Types of Crime Handled in the Major Crimes Unit

Property Crimes :property crimes fall under crimes proscribing destruction to property (criminal mischief) or the theft of property (criminal possession of stolen property and larceny).

Burglary: proscribes the knowing and unlawful entry or remaining in a building or dwelling where such conduct is accompanied by an intent to commit a crime therein.

Robbery: proscribes the forcible stealing of property. 

Assault: proscribes intentional or reckless conduct that causes physical injury to another person.  Depending on the severity of the injury, the penalties can range from probation or a conditional discharge to twenty five years in prison.

Criminal Mischief: proscribes the intentional or reckless infliction of damage to the property of another.

Theft: Thefts, whether it be shoplifting a pack of gum or embezzling a million dollars, are proscribed under Article 155 of the Penal Law.  If the theft involves the unlawful entry into a building, it may be elevated to the crime of Burglary.  A forcible theft is defined as robbery.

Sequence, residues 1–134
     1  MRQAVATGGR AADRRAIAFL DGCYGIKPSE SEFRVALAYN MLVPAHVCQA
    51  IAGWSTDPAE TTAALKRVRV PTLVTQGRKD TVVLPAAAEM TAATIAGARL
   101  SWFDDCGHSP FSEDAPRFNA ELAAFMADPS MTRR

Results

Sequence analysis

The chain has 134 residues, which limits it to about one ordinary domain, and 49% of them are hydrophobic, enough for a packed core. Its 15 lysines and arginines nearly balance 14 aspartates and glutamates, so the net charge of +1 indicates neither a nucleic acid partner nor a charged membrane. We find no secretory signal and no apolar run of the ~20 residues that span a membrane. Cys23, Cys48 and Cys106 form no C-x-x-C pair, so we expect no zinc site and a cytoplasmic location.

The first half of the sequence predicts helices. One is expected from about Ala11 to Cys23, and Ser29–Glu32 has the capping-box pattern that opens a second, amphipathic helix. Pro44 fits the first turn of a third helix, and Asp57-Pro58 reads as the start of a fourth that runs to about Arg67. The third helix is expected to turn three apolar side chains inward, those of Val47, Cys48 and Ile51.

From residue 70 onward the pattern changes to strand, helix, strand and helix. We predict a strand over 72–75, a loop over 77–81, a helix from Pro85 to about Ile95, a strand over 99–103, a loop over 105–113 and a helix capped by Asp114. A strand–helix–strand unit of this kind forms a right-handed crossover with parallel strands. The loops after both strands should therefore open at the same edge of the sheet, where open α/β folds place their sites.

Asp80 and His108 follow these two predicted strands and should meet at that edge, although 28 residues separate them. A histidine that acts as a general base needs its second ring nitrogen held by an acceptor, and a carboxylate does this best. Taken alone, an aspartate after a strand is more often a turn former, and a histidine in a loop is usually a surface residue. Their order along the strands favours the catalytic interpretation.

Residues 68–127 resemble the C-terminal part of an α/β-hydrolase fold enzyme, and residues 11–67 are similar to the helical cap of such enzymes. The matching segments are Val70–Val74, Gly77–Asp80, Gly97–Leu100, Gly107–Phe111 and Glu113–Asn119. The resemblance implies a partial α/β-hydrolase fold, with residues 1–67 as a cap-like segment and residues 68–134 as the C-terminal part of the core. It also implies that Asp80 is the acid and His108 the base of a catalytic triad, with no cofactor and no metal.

Gambling:  The law prohibits both the activity of bookmaking and the possession of bookmaking records.  Bookmaking is defined as “advancing gambling activity by unlawfully accepting bets from members of the public as a business rather than in a casual or personal fashion”.  PL §225.00(9).

Arson: proscribes the intentionally starting a fire or causing an explosion that damages property of another or causes injury. Depending on the severity of the crime, the penalties can range from probation or a conditional discharge to twenty five years in prison. Click here to visit our Arson section.

Homicide: proscribes the conduct which causes the death of a person or an unborn child  with  which  a female has been pregnant for more than twenty-four weeks under circumstances constituting murder, manslaughter in the first degree,  manslaughter  in  the  second  degree, criminally negligent homicide,  abortion  in  the  first degree or self-abortion in the first degree. Click here to visit our Homicide section.